The Bible is hard to read. Really, really hard.
A good friend reminded me of this over dinner last week. We’ve never discussed religion in more than 20 years of acquaintance, so she surprised me with her account of trying to read the Bible cover to cover. “Genesis was OK,” she said, “but then I got into Exodus and couldn’t get out. All those begats.”
A lot of people hit a dead end with the “begats”—long genealogical lists in the form of “Abraham begat Isaac, who begat Jacob, who begat…” ad infinitum. Others lose it in the minute description of different types of sacrificial offerings in Leviticus. Some read the accounts of war and treachery and decide (understandably) that the Bible’s not for them.
So allow me to pique your interest by saying that the Bible is chock-full of wisdom we can use in our daily lives. That’s true not only of the “big” passages—the Golden Rule, Jesus’ admonition to love your enemies, etc.—but in the ridiculously obscure.
As Exhibit A, allow me to cite this passage from St. Paul’s letter to the church at Philippi:
I hope in the Lord Jesus to send Timothy to you soon, so that I may be cheered by news of you. I have no one like him who will be genuinely concerned for your welfare. All of them are seeking their own interests, not those of Jesus Christ.
Maybe you’re thinking, who cares. No one could blame you. It’s about travel plans for an itinerant preacher 20 centuries ago.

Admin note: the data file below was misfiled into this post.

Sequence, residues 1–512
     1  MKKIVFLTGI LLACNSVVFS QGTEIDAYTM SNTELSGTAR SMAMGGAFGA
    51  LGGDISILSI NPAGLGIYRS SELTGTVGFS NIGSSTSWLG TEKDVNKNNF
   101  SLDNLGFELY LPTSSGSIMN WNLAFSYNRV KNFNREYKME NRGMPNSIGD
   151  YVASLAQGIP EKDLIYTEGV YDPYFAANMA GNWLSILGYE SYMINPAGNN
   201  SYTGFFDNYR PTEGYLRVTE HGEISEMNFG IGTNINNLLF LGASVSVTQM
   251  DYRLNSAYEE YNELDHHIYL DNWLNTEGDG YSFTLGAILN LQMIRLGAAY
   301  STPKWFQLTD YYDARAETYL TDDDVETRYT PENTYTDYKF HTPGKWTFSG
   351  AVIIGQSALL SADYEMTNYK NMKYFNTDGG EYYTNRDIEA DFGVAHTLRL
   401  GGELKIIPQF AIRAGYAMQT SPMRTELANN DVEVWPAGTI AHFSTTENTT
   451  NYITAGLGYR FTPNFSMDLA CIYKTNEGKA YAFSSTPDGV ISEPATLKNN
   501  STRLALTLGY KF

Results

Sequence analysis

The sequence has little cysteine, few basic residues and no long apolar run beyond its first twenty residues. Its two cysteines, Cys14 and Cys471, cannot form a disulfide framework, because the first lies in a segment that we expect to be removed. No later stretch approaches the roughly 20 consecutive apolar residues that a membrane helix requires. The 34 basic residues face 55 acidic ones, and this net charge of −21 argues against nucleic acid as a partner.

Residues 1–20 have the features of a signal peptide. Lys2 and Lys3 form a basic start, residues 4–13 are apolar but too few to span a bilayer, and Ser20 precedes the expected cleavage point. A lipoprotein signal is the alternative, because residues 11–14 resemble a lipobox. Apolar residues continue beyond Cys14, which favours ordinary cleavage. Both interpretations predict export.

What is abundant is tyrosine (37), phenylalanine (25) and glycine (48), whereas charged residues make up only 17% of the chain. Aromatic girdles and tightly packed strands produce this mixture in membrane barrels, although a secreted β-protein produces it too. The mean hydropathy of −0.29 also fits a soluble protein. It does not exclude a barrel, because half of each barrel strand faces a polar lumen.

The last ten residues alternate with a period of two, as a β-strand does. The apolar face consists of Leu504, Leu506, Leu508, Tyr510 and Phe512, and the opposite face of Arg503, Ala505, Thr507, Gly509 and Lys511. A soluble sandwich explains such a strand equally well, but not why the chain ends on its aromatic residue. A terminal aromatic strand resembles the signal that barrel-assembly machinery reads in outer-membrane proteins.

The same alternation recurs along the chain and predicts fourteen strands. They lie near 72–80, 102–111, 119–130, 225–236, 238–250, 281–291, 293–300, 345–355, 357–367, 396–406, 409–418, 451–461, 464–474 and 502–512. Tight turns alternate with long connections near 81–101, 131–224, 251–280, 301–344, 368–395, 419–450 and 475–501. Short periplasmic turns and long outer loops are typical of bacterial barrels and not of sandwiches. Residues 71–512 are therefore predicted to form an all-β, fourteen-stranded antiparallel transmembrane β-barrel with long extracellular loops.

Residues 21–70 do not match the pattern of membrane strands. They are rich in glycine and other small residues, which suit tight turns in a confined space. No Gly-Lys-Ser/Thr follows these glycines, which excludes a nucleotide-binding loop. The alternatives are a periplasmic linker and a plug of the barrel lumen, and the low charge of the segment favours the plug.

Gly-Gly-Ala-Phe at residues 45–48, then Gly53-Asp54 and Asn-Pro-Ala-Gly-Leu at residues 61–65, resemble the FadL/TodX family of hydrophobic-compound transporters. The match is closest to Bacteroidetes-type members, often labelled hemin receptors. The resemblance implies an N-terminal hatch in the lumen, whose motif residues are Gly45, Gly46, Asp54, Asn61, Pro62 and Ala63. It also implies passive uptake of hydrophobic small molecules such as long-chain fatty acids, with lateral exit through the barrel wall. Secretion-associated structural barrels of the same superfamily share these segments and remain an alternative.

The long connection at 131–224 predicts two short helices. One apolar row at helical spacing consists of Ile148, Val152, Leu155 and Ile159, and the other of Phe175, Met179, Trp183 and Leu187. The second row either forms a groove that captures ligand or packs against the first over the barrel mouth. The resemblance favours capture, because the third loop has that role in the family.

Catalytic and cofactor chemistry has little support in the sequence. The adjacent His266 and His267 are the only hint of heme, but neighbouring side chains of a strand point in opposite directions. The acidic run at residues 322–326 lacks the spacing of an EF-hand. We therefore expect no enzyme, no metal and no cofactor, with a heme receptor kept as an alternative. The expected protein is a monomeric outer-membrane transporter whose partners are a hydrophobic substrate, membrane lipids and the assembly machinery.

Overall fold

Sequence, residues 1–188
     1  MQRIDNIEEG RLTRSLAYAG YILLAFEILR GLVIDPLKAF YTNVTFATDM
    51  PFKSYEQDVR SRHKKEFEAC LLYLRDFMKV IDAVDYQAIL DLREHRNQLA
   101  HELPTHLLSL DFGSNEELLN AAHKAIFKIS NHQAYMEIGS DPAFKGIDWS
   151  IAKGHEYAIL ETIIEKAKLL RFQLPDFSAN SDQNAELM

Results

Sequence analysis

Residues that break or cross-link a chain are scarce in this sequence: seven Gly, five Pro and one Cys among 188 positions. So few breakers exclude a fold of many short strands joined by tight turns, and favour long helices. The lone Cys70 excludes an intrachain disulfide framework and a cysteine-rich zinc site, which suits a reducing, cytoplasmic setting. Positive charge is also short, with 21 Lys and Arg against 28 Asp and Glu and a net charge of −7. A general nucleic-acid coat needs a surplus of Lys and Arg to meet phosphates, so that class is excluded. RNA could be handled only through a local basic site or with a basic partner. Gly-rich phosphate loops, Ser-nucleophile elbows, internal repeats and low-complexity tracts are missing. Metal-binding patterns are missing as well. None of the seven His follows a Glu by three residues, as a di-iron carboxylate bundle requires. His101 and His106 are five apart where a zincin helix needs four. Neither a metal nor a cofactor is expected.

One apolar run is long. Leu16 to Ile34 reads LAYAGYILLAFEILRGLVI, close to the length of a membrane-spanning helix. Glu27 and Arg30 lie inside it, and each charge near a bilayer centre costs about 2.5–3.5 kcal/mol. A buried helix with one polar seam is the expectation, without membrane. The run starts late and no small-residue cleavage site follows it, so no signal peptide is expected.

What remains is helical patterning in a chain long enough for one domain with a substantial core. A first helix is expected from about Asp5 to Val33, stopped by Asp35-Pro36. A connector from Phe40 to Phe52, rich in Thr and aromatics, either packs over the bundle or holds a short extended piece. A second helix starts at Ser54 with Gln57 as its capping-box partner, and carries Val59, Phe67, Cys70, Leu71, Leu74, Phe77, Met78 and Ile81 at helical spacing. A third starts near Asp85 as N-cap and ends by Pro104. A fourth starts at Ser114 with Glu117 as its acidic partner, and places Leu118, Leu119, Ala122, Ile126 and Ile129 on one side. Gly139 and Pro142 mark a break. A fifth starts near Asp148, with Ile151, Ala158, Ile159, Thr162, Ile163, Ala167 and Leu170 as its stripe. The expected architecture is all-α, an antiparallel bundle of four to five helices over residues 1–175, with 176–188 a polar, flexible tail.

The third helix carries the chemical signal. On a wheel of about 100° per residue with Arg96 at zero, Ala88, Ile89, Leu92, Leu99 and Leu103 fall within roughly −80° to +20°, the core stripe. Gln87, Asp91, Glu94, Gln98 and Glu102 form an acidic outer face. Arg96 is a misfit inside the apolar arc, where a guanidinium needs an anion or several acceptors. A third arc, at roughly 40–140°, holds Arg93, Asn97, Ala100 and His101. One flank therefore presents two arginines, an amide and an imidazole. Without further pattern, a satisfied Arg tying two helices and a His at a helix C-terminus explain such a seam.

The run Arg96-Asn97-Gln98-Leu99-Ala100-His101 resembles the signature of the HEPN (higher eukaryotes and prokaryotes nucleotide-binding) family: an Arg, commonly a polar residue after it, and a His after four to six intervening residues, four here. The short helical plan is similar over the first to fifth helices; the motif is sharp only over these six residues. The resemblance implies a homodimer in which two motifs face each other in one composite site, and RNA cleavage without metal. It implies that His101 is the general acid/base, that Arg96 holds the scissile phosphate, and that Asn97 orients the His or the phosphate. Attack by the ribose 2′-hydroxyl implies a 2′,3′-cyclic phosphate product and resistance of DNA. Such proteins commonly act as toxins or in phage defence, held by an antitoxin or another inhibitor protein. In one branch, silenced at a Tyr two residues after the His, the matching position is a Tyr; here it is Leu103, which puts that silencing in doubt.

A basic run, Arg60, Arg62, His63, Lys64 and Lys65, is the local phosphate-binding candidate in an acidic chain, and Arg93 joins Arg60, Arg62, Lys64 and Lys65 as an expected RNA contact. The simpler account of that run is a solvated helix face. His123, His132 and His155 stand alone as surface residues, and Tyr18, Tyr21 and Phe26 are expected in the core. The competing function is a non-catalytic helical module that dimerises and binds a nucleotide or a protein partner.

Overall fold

But look more closely. I have no one like him who will be genuinely concerned for your welfare. This is St. Paul we’re talking about—one of the towering figures in early Christendom, a person of extraordinary zeal and commitment. Wouldn’t he be surrounded with people of similar zeal? Or, at the very least, people who had learned to put others first, as Jesus directed?
Apparently not. In all his retinue, exactly one dude wasn’t looking out for himself.
Sounds like the human condition, doesn’t it? To quote Firesign Theatre, we’re all bozos on this bus. Even the “most evolved” have flaws and failings and shortcomings. We are all works in progress, and sometimes the progress doesn’t look like much. And if this is true of Paul’s inner circle—people ostensibly more mature than we are—maybe we can give ourselves more grace to be imperfect, to be bozos, to grow in God’s own good time.
The Bible is loaded with these tiny hidden gems. I’ll try to trot out more of them in the months to come.